Thus, every action taken by some collective entity, be it a government, a company, a school, a team, a society, or a family, is actually an action undertaken by a person, or multiple persons.
I have found this to be a useful way of thinking when examining actions taken by such collective entities. It is helpful because, in a microeconomics framework, we like to look at the aggregate results of millions of separate, independent decisions and actions performed by consumers. Thinking of markets as aggregates of all of the decisions and actions of the individual economic actors is the accepted and well-practiced framework of microeconomics - it works well to explain and predict market outcomes. We look at these individuals as rational, self-interested, utility maximizers operating in an environment of imperfect information and scarce resources.
It turns out that examining and predicting the actions of non-market aggregations, such as government bodies or companies by looking at the incentives faced by the individuals that make up those entities works well. Note that when I say a company is a non-market entity, I don't mean that it does not participate in markets, but that, internally, a firm is not a market, but an authority based hierarchical structure.
So, putting this as simply as I can, if we want to figure out why governments and schools and companies do what they do, we should look at the incentives faced by the people who make decisions inside those structures, and how those individuals would act if they were rational utility maximizers, which, of course, they are.
The Positive Theory of Government
We spoke earlier in the course of the notion of "normative" and "positive' questions. Normative analyses examine what outcome "should" occur (what happens in the best of all possible worlds), assuming that we have some notion of what "should" and "best" mean. Positive analyses determine what actually is happening, and why. We have already determined how the government "should" act when it intervenes in a market place to correct market failure: it "should" strive to correct the market failure in a way that maximizes wealth in the society that is being affected by the market failure. Unfortunately, that seldom, if ever, is what happens. Now, we want to examine how the government actually acts - thus the usage of the term “The Positive Theory of Government." This is a study of what government does in real life, and why.
We assume that greed motivates consumers and firms, and it is logical to assume this, since we all prefer more to less, and this assumption has been shown over time to be a reliable predictor of market actions and outcomes. We now know how government should behave (as summarized above), but we want to know how governments operate, i.e., we want a positive (rather than normative) answer.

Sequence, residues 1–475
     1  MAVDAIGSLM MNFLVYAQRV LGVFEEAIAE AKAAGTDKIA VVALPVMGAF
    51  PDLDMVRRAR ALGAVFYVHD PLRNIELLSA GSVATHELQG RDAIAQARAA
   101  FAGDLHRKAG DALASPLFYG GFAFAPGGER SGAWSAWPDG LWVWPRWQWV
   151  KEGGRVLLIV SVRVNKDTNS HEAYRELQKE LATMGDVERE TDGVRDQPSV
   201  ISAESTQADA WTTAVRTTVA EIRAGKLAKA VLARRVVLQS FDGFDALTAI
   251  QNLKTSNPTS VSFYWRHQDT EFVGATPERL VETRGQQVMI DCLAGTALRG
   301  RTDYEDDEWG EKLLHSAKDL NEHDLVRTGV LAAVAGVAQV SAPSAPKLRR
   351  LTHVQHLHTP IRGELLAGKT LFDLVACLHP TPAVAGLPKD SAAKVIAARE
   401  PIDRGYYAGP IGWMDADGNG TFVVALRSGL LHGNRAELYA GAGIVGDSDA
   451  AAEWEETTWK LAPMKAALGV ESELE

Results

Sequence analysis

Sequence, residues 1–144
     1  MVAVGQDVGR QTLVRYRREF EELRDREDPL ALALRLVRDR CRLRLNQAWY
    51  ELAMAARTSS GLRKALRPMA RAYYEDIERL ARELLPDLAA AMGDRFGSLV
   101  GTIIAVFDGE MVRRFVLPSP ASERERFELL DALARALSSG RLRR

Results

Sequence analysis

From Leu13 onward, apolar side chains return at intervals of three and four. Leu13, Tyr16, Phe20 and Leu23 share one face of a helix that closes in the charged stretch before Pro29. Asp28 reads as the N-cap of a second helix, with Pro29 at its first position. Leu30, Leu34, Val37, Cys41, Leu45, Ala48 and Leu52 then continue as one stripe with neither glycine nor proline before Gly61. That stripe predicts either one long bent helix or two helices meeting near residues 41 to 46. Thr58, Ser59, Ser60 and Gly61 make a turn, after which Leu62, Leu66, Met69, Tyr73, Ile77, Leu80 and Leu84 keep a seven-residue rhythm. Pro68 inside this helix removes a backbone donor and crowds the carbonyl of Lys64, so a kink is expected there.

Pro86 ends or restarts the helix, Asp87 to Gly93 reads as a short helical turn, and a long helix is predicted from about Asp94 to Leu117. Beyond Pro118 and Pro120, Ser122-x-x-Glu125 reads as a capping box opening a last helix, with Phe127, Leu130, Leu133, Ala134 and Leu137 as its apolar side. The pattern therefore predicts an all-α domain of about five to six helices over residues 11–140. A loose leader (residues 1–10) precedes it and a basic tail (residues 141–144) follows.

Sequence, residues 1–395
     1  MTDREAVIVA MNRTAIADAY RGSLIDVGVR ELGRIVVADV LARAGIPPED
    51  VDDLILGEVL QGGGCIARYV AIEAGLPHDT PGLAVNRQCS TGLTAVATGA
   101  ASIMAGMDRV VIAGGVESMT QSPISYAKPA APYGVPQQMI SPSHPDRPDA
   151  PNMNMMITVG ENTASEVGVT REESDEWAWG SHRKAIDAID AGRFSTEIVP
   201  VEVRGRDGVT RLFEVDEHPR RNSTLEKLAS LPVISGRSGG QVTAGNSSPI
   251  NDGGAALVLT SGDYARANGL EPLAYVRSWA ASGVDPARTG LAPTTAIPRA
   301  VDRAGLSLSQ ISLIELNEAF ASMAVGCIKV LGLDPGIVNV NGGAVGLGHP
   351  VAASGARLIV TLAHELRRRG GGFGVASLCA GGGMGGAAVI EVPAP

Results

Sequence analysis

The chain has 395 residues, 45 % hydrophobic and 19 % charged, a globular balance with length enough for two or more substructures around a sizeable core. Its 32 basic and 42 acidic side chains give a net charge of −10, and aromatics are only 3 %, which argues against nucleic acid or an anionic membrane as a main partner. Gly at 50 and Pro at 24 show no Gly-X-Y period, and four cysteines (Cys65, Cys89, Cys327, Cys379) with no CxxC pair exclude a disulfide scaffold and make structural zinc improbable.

Within economics, this field of study is known as "Public Choice." It attempts to explain what factors determine how governments make decisions. Government is composed of government officials - elected politicians and civil servants. Remembering the framework of methodological individualism, we need to ask: What do government officials want? What motivates government officials? What incentives do they face?
Politicians have one great goal, the one thing that defines them as successful politicians, which is the ability to get elected and then re-elected. A politician who cannot win an election is a poor politician indeed. Civil servants, on the other hand, are motivated by their desire to get promoted to positions of higher pay and higher authority.
Using the simplest terms and most convenient definitions, GREED motivates both politicians and civil servants.
Since government agencies are controlled by individuals motivated by greed, it is easy to imagine that these agencies are not always run in a manner consistent with society’s best interest. Let us take a look at a basic civics lesson, from an economist's point of view.
How does a politician get/keep her job? He or she gets elected by the voting public. Thus, we can say that voting is the first input to the political process (i.e., all power comes from the majority’s mandate). Generally, in a representative democracy, we vote for a candidate who will represent us on all issues. However, it is unlikely that one candidate will mirror our desires completely. As a result, we must make compromises when we cast our votes. Most people tend to choose the candidate with a platform that, on average, matches ours better than any other candidate. However, there are a couple of other selection criteria that are also commonly employed by large shares of the electorate: choosing the candidate with the position closest to ours on the most important issue, and choosing the candidate who will do the least damage.